Then, as abruptly as they were taken, Rasha and her family were released. One morning in early May, Rasha heard her name called by one of the corrections officers, then her mother’s, and then her sister’s. They were told to collect their belongings. They were free to go. Skeptical but hopeful, Rasha gathered her letters. Once she walked through the metal gate of the women’s section with her mother and sister and saw her father and brother waiting for them, she thought, Oh my God, it really is true. We’re finally out!
The entire family was set free at the same time, including Wassim, who came home from Pennsylvania that day. An immigration official was present at their release. He looked over their file and remarked to Rasha’s father, “You know, you have grounds for a residency petition here.” No one knew how to balance gratitude with resentment.
As soon as they were beyond MDC, Rasha fell to the ground and kissed the pavement. She looked up. She hadn’t seen sky for almost three months. It was the same sky, and it looked gloriously familiar.
They entered their own house like strangers. Everything was just as they had left it, except for the moldy food in the fridge and the dust all over the furniture. Rasha felt numb and dislocated. It was hard to believe that the nightmare was over. She watched Munir disappear downstairs and heard him calling his friends, and then she too began plotting how she would surprise Gaby and Nicky and the rest of her friends. Surprising them became the only thing to look forward to at that moment. She didn’t want to think about the past, only the future.
The family had a quiet night. Rasha’s mother cooked a simple meal. Over the meal, Rasha and her siblings exchanged a few stories about their experiences, but her parents were mostly quiet.
The next morning Gaby ran into some of Munir’s friends on her way to college, and they told her that Rasha’s family was finally home. “You’re lying,” she told them. “You’re lying!” No, it’s true, they said. She blew off her first class and made a beeline for the house, with a pit stop at a corner store for a gift: a potted plant she tucked under her arm.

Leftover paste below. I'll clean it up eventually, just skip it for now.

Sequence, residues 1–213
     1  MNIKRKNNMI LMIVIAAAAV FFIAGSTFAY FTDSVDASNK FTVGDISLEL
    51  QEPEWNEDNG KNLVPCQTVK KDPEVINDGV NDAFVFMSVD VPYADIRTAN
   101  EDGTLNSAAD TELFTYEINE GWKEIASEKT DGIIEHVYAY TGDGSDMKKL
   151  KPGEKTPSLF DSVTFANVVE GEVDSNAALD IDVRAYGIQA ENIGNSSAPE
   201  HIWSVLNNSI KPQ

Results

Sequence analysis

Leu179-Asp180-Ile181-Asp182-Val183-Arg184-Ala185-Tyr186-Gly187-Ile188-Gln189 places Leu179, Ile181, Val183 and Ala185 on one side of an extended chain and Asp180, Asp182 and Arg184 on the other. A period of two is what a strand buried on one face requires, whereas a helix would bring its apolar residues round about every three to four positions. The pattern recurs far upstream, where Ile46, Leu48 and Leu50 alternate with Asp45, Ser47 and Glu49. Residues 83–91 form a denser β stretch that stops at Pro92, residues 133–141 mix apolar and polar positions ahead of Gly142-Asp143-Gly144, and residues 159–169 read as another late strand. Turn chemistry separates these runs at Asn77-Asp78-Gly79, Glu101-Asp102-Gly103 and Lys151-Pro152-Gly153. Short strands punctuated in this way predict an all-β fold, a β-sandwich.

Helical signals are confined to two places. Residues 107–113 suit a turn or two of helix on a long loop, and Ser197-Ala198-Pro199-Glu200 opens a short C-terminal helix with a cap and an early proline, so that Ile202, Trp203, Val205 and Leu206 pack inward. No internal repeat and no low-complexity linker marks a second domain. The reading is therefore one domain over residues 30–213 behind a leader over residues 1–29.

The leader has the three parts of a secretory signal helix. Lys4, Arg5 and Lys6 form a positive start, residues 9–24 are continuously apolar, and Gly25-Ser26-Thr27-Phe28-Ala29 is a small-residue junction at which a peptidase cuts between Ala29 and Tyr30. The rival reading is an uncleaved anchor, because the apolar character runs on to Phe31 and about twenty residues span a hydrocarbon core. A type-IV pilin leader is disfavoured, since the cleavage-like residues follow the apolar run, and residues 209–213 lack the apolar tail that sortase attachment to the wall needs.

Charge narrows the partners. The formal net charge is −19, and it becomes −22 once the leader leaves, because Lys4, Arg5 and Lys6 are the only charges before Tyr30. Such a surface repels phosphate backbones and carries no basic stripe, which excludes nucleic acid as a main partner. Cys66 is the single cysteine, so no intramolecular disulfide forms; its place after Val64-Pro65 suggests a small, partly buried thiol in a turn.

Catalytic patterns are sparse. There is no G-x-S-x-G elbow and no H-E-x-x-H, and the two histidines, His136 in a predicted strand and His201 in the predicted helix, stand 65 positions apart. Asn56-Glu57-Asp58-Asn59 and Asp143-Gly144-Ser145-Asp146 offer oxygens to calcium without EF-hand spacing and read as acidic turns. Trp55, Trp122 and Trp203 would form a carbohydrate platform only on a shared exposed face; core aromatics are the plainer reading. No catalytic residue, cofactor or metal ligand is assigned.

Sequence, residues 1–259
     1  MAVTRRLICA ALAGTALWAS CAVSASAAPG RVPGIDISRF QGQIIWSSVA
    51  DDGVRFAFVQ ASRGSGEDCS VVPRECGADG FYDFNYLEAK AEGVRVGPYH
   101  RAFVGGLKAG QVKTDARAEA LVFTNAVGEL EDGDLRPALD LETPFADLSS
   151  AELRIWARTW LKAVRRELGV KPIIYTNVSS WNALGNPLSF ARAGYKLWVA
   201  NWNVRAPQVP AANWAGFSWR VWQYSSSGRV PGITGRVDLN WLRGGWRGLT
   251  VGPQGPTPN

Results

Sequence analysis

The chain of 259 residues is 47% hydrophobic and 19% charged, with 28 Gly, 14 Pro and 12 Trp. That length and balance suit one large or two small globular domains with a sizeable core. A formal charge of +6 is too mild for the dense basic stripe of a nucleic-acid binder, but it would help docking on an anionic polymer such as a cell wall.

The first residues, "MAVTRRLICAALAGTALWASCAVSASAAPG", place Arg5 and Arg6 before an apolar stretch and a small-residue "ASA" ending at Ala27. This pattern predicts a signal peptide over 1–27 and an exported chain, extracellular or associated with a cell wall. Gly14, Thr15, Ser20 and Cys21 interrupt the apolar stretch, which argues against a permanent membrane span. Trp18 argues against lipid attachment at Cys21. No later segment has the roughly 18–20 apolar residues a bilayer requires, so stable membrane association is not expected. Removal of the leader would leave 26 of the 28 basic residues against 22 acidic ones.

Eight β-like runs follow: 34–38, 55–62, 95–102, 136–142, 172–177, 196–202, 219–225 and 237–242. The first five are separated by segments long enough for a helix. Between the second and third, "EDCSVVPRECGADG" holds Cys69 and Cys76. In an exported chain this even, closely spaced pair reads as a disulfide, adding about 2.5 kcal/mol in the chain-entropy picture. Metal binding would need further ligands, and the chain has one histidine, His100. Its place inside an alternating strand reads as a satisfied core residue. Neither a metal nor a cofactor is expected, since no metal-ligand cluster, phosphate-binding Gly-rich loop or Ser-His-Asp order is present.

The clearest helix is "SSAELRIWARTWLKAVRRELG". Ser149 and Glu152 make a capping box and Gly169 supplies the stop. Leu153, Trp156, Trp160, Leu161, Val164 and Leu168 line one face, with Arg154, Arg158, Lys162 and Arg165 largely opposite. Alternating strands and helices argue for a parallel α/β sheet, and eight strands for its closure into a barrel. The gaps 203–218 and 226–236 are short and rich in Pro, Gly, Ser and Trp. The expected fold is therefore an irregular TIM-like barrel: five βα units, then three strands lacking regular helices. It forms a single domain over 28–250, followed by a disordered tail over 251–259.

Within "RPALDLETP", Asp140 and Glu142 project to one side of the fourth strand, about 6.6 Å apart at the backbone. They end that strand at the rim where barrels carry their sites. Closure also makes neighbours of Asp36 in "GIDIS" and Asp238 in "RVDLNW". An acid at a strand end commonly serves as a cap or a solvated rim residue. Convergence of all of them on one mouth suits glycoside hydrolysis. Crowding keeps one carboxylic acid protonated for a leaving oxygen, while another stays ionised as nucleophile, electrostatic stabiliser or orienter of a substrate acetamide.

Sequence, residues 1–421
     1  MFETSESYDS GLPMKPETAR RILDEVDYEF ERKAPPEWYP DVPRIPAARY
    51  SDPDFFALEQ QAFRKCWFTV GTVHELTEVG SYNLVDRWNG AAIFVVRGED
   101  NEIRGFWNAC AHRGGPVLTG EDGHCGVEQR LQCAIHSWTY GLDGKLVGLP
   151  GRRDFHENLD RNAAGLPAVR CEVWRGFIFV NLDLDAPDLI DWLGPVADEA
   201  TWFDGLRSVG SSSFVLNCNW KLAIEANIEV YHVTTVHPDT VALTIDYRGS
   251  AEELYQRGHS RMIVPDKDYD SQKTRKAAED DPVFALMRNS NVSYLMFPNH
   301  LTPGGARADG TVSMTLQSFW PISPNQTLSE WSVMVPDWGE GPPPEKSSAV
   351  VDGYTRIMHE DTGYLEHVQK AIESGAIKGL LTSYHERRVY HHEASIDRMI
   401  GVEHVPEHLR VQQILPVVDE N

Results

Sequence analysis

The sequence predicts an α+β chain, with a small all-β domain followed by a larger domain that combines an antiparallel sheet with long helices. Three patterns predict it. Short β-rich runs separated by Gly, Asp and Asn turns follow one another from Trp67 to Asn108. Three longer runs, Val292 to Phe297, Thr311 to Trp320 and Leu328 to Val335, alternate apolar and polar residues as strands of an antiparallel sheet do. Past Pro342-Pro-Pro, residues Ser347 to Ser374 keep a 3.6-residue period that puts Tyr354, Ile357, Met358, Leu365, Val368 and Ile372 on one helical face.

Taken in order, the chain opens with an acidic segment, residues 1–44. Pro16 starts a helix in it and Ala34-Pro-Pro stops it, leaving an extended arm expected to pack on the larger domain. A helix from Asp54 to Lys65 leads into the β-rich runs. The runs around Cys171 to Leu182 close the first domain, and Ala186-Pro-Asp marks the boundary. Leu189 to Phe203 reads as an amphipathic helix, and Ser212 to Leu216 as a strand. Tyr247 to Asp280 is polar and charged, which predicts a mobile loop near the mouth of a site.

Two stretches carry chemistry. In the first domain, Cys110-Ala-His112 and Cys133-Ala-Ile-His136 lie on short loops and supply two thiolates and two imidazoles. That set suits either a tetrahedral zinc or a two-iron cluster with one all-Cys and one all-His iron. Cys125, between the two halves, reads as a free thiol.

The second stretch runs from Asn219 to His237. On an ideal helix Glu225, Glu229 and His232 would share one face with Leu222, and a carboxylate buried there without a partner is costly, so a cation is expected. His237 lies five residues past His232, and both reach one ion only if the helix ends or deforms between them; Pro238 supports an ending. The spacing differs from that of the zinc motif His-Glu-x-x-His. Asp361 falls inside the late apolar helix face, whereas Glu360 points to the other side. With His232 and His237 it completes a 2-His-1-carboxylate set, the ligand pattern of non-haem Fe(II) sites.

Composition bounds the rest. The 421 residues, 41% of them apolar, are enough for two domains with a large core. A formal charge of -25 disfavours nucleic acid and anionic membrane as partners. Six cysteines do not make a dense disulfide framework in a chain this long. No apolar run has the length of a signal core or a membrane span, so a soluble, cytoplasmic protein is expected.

The sound of the doorbell was bizarre to Rasha. In her pajamas, she opened the door, and standing there behind a pot full of leaves and flowers was Gaby, already crying hysterically. As soon as she saw Gaby, Rasha burst into tears. “Oh, man!” Rasha stomped her foot. “The surprise is ruined!”
“I’m sorry,” Gaby said, sniffling. “I didn’t call first! I’m so sorry!”
“Get in here,” Rasha reprimanded, but the two girls stayed where they were. They just couldn’t stop hugging and crying.
Rasha’s parents sold the house. They were behind on the payments, and Rasha’s mother was convinced that the place was cursed anyway. Rasha also had to deal with the row of F’s on her transcript, having disappeared from the world for three months. She calmly explained her situation to her dean, who listened sympathetically but then asked if she could provide some documentation to prove what she’d just told him. “What kind of sick person would tell you that she’d spent three months in jail to get excused from her grades?” she asked.
“You’d be surprised,” he said.
Right after her release, Rasha felt freer than she ever had in her life. Normal things like riding the subway had never before been so exciting to her. But everywhere around her was the constant talk of 9/11. She bit her tongue repeatedly, wanting to scream at people, “You don’t know what you’re talking about unless you’ve been in a situation like the one I’ve been in!”
No one in her family spoke openly about what they’d been through; Munir in particular seemed deeply injured. After the euphoria of being released, he retreated into silence. Neither he nor their father told the women very much about MDC’s male wing, where later the government’s own internal auditor would expose violent abuses against some of the post–September 11 detainees.